Army wife Melissa Bourgeois hit her breaking point five years ago when she was living at a U.S. military base in Vicenza, Italy, with her husband, Eric, an infantryman. Eric was just back from a harrowing second deployment to Afghanistan marked by frequent firefights. Filled with an uncontrollable rage, he spent his nights self-medicating at bars with his war buddies.
Eric’s anger toward his family had become explosive, and he regularly punched doors, furniture and even a concrete wall that left his hand injured. Melissa, 25 at the time, with their two small children, felt isolated in a new country where she barely spoke the language. She needed to talk to someone about her situation, but she said each time she sought mental-health care on the base, she was given Valium and sent away.
In October 2008, Eric backed Melissa into a corner and started shouting at her in front of the children, the smell of alcohol heavy on his breath. “I was hysterical, screaming,” she said. Desperate, she called a friend, who reported him to the military police for domestic abuse. The commanding officer of Eric’s company held him in the barracks for 72 hours before releasing him. When Melissa went to her husband’s platoon sergeant for help, he told her that if she was so unhappy, maybe he should just send her back home. Soon after that, Eric said, the platoon sergeant told him, “Keep your wife in line.”
In a U.S. military psychologically ravaged by 12 years of continuous war, troops’ family members, like Melissa, are the victims of a hidden mental-health crisis, missing from the public calculus of the social costs of combat and systematically denied by the institution that placed their partners — and them — in harm’s way. Interviews with military doctors, psychologists, social workers and counselors and with service members and spouses suggest that this problem is ubiquitous yet invisible.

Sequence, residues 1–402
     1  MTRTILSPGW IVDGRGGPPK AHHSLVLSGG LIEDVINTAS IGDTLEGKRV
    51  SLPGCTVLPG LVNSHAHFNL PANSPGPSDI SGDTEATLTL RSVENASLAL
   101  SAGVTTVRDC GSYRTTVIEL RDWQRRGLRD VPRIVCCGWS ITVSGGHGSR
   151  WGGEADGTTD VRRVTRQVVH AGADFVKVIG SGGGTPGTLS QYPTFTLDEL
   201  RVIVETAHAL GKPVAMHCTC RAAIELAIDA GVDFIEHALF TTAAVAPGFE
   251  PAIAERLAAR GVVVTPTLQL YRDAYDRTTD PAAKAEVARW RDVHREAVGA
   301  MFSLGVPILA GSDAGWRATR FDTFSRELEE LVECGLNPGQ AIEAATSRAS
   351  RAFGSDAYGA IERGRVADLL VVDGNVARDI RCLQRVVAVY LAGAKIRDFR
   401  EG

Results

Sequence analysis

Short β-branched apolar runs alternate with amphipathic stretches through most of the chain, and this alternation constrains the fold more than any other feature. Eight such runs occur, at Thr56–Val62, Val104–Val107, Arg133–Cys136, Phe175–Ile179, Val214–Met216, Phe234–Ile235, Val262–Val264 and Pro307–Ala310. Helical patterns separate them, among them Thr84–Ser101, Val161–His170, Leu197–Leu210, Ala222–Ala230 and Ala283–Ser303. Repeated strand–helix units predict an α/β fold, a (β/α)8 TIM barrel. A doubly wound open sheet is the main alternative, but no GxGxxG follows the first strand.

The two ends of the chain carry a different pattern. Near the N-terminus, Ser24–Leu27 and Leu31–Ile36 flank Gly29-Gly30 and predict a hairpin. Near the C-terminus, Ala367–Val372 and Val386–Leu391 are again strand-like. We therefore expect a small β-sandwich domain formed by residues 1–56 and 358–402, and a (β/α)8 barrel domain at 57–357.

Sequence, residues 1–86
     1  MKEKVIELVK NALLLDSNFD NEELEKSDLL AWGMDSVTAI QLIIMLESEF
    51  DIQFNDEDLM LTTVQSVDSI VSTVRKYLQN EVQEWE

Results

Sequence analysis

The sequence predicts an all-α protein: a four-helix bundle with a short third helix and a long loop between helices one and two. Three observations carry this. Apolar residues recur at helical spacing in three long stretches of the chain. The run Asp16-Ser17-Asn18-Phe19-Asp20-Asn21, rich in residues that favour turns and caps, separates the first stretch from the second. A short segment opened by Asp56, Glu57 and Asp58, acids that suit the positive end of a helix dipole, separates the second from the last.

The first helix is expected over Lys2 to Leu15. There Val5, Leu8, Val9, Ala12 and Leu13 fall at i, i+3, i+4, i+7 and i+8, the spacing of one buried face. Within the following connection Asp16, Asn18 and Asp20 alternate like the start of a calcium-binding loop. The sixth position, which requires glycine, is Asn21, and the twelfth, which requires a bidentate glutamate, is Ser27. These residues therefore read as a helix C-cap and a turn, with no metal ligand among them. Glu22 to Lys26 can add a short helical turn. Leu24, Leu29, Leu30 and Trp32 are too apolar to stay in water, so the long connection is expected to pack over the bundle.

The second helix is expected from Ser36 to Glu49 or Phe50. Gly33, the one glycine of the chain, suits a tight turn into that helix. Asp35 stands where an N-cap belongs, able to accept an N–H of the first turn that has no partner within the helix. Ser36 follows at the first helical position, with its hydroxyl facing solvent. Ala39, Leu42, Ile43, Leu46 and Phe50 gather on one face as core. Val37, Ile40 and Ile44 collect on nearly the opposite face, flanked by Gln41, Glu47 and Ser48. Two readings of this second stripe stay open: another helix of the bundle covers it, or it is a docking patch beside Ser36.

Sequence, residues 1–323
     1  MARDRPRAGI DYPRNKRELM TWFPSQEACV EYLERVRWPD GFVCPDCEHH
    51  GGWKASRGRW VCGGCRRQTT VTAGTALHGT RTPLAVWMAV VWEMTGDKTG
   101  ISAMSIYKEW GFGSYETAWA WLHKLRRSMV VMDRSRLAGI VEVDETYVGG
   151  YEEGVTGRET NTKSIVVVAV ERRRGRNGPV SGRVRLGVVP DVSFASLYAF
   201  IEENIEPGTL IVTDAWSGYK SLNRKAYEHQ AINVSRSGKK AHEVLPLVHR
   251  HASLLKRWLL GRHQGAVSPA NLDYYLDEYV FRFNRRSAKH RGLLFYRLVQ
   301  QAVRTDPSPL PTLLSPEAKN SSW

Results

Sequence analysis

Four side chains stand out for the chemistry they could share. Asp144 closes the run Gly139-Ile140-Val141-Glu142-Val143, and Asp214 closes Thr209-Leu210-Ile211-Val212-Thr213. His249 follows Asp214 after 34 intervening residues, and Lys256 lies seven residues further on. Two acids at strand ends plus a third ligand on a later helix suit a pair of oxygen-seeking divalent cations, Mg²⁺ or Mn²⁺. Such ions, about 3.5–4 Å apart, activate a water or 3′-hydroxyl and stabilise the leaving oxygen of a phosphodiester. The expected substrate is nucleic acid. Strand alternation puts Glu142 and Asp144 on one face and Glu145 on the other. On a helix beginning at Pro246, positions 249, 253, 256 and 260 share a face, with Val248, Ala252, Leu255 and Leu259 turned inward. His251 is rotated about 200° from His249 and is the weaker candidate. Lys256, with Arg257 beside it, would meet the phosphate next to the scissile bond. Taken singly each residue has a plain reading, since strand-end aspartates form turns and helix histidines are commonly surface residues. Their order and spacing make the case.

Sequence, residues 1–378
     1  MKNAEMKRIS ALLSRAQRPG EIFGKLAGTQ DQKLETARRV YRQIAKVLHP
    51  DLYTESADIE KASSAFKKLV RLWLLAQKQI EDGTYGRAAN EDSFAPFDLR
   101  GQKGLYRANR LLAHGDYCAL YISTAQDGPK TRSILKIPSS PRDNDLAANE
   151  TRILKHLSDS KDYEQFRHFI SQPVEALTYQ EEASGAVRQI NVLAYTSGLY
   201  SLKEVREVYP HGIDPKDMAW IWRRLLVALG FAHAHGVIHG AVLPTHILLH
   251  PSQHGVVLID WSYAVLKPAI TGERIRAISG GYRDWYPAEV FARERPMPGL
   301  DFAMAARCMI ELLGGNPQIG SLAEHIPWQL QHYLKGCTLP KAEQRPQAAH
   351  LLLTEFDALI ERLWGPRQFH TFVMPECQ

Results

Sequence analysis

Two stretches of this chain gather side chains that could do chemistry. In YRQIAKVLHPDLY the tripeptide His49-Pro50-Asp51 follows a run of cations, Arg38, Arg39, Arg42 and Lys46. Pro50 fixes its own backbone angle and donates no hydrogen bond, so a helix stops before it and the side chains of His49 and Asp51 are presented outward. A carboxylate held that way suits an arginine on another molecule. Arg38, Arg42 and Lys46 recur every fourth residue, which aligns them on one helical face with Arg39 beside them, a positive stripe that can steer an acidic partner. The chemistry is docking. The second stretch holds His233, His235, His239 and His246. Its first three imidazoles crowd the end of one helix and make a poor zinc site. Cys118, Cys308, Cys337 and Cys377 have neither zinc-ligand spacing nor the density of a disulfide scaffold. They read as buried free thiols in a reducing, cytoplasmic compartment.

“The military just doesn’t want to deal with wives,” Melissa said.
‘You replay it over and over’
Combat post-traumatic stress disorder (PTSD) takes a severe toll on spouses. A New England Journal of Medicine study that analyzed medical records of more than 250,000 spouses of U.S. active duty soldiers from 2003 to 2006 found that the multiple and prolonged deployments typical in Iraq and Afghanistan led to greater risk of “depressive, anxiety, sleep, and acute stress reaction and adjustment disorders” among spouses — among the anxious and depressive symptoms referred to by mental-health providers as secondary traumatic stress.
While the latest edition of the Diagnostic and Statistical Manual of Mental Disorders (DSM) — the bible of psychiatric diagnoses — does not include secondary traumatic stress, it does recognize that PTSD can arise in family members of those exposed to violent trauma. According to peer-reviewed studies on the Vietnam War and the war in Croatia in the 1990s, prolonged caring for and exposure to a partner with PTSD is a strong predictor of developing PTSD symptoms as well.
“When something terrible happens to someone you love, it is going to affect you,” explains clinical psychologist Dr. Laurie Pearlman, who played a lead role in identifying the effects of secondary trauma. “The person comes back and your life is completely altered. You live according to their trauma. You imagine what your loved one is going through, and you replay it over and over.”
Military data show rising suicide rates and deteriorating mental health in the ranks — which is tied to a growing epidemic of domestic violence.